Representational image of CRPF personnel | ANI
Representational image of CRPF personnel | ANI
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New Delhi: Last Friday, a court in Rampur, Uttar Pradesh, convicted six men, including two Pakistani nationals, for the 1 January 2008 attack on a CRPF camp, in which seven personnel and a civilian were killed.

Additional District Judge (II) Sanjay Kumar Singh handed down the death penalty to four of the convicts — Mohammed Sharif from Rampur, Imran Shahzad and Mohammed Farooq from Pakistan, and Sabauddin from Bihar. The fifth convict, Jang Bahadur from Moradabad, received a life term, while Fahim Ansari from Mumbai, who was found guilty of holding fake passports and illegal weapons, got a 10-year jail term. Two other men were acquitted.

ThePrint analyses the judgment to explain why the court handed out different sentences for the same heinous crime.


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What have the men been convicted for?

The men were convicted under various sections of the Indian Penal Code, including 302 (murder), 148 (rioting, armed with deadly weapon) and 121 (waging war against the government). They were also found guilty under the Prevention of Damage to Public Property Act, 1984, the Unlawful Activities Prevention Act, 1967, and the Arms Act, 1959.

In the 205-page judgment authored in Hindi, judge Singh rejected the contentions that the men were falsely accused and weapons were planted on them, asserting that AK-47 rifles are not the sort of weapons that the police could plant on anybody to falsely accuse them.

The judgment further ruled out the involvement of the Lashkar-e-Taiba in the attack, as had been alleged, but ruled that the accused did form a “terrorist gang” under the UAPA.

The court also acquitted two suspects — Gulab Khan from Bareilly and Mohammad Kausar from Pratapgarh — who were accused of keeping the weapons at their houses. But the court held that the accusations had not been proven.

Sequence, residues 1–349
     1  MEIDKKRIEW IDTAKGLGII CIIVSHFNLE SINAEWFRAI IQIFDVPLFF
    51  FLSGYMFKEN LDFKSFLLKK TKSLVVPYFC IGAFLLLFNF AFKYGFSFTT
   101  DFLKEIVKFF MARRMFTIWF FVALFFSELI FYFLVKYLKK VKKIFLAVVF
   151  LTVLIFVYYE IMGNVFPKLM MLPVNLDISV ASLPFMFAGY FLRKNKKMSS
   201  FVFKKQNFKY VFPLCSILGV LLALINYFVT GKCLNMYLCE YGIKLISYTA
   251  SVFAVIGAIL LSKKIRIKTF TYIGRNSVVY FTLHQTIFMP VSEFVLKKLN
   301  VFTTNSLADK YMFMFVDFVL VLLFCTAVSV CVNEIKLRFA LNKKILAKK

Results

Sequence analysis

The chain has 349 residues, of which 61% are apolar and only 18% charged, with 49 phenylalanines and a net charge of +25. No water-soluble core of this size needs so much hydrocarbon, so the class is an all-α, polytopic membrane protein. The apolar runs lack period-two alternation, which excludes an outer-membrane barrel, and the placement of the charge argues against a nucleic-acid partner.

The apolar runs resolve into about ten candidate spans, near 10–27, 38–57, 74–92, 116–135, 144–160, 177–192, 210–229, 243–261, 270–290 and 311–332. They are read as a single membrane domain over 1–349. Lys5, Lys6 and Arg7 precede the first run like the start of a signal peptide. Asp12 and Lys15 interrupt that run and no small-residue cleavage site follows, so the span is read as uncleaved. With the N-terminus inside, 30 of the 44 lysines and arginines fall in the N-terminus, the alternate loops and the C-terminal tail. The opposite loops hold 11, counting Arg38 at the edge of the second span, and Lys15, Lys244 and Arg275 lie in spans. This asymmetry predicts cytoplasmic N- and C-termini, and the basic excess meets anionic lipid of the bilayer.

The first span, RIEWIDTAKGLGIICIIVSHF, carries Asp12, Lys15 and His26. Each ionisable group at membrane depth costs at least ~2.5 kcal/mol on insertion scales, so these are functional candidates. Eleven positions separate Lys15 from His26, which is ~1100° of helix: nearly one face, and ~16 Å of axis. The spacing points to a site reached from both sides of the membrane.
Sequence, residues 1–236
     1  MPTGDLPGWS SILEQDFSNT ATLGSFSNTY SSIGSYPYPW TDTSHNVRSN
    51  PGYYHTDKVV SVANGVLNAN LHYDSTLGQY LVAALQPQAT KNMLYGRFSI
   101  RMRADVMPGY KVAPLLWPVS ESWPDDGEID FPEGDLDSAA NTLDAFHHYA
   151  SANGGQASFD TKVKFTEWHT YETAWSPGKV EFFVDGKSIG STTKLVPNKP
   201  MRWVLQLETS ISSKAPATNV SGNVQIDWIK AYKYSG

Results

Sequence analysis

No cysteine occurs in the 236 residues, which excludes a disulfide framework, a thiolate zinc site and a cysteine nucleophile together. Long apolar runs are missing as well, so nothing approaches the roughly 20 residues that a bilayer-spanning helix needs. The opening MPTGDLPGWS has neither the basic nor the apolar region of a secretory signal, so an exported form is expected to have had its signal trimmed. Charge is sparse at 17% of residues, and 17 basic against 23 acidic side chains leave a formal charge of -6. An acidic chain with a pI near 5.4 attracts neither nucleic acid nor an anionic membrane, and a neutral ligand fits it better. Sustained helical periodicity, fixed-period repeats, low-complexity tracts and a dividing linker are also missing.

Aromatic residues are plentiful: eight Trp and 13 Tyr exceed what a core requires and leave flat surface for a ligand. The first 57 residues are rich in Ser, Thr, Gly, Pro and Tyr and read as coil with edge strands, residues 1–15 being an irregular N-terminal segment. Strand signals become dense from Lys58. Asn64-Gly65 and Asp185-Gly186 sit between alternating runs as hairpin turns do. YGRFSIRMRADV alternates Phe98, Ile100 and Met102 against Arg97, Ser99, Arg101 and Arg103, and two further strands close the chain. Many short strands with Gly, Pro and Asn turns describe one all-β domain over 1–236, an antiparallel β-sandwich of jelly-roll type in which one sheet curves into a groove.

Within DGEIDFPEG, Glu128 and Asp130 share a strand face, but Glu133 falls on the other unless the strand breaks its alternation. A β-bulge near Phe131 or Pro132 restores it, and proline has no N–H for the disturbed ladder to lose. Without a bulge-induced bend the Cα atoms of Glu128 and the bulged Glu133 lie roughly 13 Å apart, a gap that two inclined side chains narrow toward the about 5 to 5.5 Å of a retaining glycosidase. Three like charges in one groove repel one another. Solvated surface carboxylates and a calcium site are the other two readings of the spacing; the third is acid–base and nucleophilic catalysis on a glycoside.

Acquitted in 26/11 case, convicted now

Two of the convicts, Sabauddin and Ansari, had earlier been acquitted by the Bombay High Court as well as the Supreme Court in the 26/11 Mumbai terror attacks case. The Mumbai Crime Branch had alleged that the map found on Ajmal Kasab was made by Ansari, while Sabauddin had been booked for providing logistical support.

The order convicting Ansari noted that some maps of Mumbai were found with him, and that he possessed a fake passport and a fake driving licence. This, the court said, proved that Ansari was a “man of suspicious conduct”, and such a person should be under “constant vigilance”.

The court, however, observed that he cannot be convicted under IPC sections 121 and 121A for waging war against the government merely on the basis of the documents recovered from him.

He was then convicted for several offences including IPC Sections 420 (cheating) and 467 (forgery), apart from the provisions of the Arms Act and Explosive Substances Act, 1908.


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No Lashkar connection

The court took note of the allegations that the attack was conducted in a planned manner by Pakistan through banned terrorist organisation Lashkar-e-Taiba (LeT).

It was alleged that Imran Shahzad and Mohammed Farooq are members of the LeT, and that they were “trained” specifically to carry out a planned attack. The court was also informed that after they were arrested, they disclosed the plan for the 2008 Mumbai terror attacks, and that the UP anti-terror squad had swiftly informed Mumbai ATS chief Hemant Karkare about it.